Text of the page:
Today we have a special treat, with a guest post by Bob Thompson, author of the new book Hooked on Customers.
If you go to a bank to use the ATM and it doesn’t work, you’ll be unhappy and more likely to switch banks if it keeps occurring. Is it worth trying to delight customer when they just want to withdraw cash and be on their way? Probably not. ATMs are viewed as a basic need, with little opportunity to delight, only to disappoint if they don’t work.
In the 2010 Harvard Business Review article “Stop Trying to Delight Your Customers,” authors from the Corporate Executive Board (CEB) argue that consumers are more inclined to punish bad service than to reward delightful service. Therefore, companies should focus on delivering the basics, which is more likely to drive loyalty.
The title of the article is provocative and the authors make a number of great points. But if you take their advice literally, you’ll lose a great opportunity to create genuine customer loyalty.
Let’s start with what the CEB study got right. If your customers are calling to get a problem solved, satisfying that request quickly and easily is very important. If you don’t, customers will be dissatisfied, and that leads to defection and negative word of mouth.
But the authors take that point and extrapolate too far, implying that customer service transactions are the only opportunity to create true loyalty, and that placating customers after a failure is the same as creating delight.
Zappos, for example, has demonstrated that with the right people, customer service calls can still be a loyalty-building experience. Their strategy for delight is based on how agents interact with customers on a call, not just giving refunds or other accommodations for making mistakes – the strategy of service leaders in the CEB study. In short, placating customers after a service failure is not delightful.
Let’s remember that service interactions with the contact center are just one part of the total customer experience. Other experiences (e.g., in marketing, selling, and purchasing) also matter, and are opportunities for delight. DoubleTree which gives away sixty thousand chocolate chip cookies every day, an unexpected treat upon check-in. The same cookie, given by a service rep after a mistake, would not have the same impact. Context is important!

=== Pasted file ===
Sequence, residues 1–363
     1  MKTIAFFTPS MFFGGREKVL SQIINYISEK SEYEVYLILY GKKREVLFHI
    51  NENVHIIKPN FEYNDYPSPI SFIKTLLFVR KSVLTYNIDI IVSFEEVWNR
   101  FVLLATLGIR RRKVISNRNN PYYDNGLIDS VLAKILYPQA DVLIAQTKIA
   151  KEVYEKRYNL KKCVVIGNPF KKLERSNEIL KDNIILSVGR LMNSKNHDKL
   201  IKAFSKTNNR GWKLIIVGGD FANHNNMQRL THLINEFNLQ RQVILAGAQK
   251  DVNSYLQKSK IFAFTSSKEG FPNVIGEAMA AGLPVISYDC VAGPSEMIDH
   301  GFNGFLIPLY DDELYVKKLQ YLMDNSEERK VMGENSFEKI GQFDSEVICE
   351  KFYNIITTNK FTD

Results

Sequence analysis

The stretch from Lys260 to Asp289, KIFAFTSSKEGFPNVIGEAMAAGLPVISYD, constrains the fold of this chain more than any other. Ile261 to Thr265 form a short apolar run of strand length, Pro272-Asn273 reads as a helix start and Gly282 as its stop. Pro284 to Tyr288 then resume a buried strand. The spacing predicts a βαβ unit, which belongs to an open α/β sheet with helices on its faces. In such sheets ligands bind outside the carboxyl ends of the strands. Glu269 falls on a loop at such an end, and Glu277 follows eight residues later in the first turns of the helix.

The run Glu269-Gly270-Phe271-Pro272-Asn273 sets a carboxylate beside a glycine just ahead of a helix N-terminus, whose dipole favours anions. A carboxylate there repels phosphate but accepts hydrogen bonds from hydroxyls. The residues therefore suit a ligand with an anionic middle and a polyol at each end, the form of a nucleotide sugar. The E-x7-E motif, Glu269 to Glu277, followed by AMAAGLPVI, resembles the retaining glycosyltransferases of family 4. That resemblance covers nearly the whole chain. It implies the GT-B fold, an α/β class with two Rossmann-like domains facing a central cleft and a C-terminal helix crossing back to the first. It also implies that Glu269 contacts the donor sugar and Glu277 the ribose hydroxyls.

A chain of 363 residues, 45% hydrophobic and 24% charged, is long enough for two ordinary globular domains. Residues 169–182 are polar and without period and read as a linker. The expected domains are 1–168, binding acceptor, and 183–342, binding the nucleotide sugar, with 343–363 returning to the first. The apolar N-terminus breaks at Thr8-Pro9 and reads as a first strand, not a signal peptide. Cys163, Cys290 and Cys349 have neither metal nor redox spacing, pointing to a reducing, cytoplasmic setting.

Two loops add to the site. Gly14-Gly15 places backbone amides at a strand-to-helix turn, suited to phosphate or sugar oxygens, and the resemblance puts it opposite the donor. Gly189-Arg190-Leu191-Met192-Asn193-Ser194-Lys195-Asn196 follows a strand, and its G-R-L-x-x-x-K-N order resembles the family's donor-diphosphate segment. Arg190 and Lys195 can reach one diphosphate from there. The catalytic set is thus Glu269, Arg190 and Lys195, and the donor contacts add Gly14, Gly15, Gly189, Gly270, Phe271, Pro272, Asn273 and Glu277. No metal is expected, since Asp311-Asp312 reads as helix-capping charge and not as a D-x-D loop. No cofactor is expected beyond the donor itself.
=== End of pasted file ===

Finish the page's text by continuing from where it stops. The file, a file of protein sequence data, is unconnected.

If you really understand what the CEB study found, the headline should read as “Stop Placating Your Customers, Get It Right the First Time.” Bill Price, author of The Best Service Is No Service, pioneered a rigorous approach at Amazon.com to finding and fixing the reasons that customers needed service. While Amazon.com made accommodations for customers when it failed to meet expectations, it was (and still is) obsessed with figuring out how to stop making the same mistakes.
My take is that companies need to work on two fronts continuously:
Delight is in fact a critical strategy to differentiate and build real customer loyalty. Just be sure to invest in areas where it will pay off. In the meantime, stop making mistakes that annoy your customers!
Bob Thompson is an international authority on customer-centric business management who has researched and shaped leading industry trends since 1998. He is founder and CEO of CustomerThink Corporation, an independent research and publishing firm, and founder and editor-in-chief of CustomerThink.com, the world’s largest online community dedicated to helping business leaders develop and implement customer-centric business strategies. His book Hooked on Customers (April 2014) reveals the five habits of leading customer-centric firms.
For more information visit http://hookedoncustomers.com